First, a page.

Wednesday, June 11, 2008

The Desert

Our family moved from Bakersfield, CA about five years ago, so I don't rememeber really well how hot it was. But in Turpan, China, I think Bakersfield was beat. A native said that it was 44 degrees Celsius the day I was there, and if anyone wants to work out what that is in Fahrenheit, it would make my claim more impressive.

I prefer to give the more personal explanation of how hot it was. After a day of seeing the sights there (including ruins to a city which, when destroyed in the 14th century, was already over 1,000 years old), I took a sleeper bus to Dunhuang, where I am now.

The idea behind a sleeper bus, since I don't think we have them in America, is that there are three long rows of bunk beds. Each bed slopes downward so you don't slide back when the bus is in motion. In theory, you have enough room to lie down and sleep, so when they aren't playing Uighur music videos from the TVs hanging at the front, you can let the bouncing of the crappy Chinese roads lull you to bed.

In America, I'm short. In China, I'm too tall. (I can only imagine how difficult it would be for me here if I actually were tall.) I needed another six inches of space. I mentioned that the beds aren't flat; that makes it so that my feet have some pressure against the back of the bed in front of me.

Oh, and there was no air conditioning. Or it broke, or something. I only caught the gist of it in Chinese: things were not the way all the Chinese expected them to be.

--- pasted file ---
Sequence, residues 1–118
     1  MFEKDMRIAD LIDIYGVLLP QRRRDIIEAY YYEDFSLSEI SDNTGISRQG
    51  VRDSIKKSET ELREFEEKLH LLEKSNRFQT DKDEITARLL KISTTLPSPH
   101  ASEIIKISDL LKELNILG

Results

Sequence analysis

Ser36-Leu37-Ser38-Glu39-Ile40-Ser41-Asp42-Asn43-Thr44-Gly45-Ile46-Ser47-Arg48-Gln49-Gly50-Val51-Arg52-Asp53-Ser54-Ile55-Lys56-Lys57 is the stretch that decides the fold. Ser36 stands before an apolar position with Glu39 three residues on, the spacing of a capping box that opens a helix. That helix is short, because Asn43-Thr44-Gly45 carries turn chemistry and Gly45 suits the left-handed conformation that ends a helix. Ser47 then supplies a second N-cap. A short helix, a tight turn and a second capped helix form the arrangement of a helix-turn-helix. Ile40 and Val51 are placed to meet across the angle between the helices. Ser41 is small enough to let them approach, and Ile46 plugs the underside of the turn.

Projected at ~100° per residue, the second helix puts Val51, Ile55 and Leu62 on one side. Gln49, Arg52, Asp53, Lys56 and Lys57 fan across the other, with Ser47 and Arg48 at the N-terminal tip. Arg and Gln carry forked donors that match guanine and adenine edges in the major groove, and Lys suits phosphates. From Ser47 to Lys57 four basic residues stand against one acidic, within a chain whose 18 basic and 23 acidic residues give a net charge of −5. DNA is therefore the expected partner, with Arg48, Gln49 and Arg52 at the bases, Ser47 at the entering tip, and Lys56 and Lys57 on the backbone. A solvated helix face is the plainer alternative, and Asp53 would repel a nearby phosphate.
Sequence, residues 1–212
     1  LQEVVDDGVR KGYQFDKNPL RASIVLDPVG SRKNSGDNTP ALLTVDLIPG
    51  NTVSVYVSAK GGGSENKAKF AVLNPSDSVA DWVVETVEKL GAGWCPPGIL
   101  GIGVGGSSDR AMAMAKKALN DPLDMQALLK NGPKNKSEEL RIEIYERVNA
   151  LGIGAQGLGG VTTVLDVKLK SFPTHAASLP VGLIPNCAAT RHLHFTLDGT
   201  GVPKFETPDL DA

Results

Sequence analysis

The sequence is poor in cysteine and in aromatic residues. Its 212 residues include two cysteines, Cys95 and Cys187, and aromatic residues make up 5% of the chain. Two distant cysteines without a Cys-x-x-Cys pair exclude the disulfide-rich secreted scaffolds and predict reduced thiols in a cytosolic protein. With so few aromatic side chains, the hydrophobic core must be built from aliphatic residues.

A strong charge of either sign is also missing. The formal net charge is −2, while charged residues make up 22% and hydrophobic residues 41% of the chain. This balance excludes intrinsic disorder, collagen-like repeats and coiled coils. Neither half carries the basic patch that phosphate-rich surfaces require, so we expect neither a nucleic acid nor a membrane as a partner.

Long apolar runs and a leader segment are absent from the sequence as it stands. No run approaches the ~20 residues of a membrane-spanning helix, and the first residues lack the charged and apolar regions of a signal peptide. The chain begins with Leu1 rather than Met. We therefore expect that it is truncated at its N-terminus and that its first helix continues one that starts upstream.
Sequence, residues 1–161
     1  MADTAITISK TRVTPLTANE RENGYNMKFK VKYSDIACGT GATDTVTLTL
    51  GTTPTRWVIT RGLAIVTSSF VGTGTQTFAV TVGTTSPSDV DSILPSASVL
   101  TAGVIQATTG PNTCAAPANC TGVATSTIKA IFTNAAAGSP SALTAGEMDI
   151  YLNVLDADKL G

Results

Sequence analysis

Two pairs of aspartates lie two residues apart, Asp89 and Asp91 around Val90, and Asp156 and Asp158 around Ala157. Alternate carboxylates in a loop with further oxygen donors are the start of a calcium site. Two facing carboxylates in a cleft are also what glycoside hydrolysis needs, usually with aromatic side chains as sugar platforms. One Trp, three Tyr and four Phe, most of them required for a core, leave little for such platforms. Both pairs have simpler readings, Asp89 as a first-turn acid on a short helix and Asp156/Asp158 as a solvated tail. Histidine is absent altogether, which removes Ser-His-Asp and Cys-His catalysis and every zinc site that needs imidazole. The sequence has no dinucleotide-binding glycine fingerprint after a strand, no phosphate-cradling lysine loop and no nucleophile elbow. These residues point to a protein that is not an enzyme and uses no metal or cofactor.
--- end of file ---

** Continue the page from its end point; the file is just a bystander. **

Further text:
I would lay on one side for an hour or two, half sleeping, then roll over and feel much cooler because the side of my body now exposed had been sweating. I think my neck was sweating the entire night.

Sleeping on my side worked the best since then I could bend my legs a little. If I laid on my back, my knees splayed out to the side and it looked like I was trying to do yoga without sitting up.

I'm still in a desert-y area, about to go see the best Buddhist cave art ever and then tonight slide down sand dunes or something before getting on a sleeper train (which are much better, but more expensive) to Lanzhou.

For those paying attention, my sleeper bus experience did mean that I sweated all night, am sweating today, and will board a train tonight. My plans after that are tentative but likely won't include much sitting around; I will definitely take a shower when I get back to Chengdu in a few days, though.

1 comment:

Anonymous said...

Just so you can appreciate how miserable you were without air conditioning, 44°C=111°F. Which is warmer than Bakersfield where it is supposed to be 102°F on Friday.
Mrs. Bfld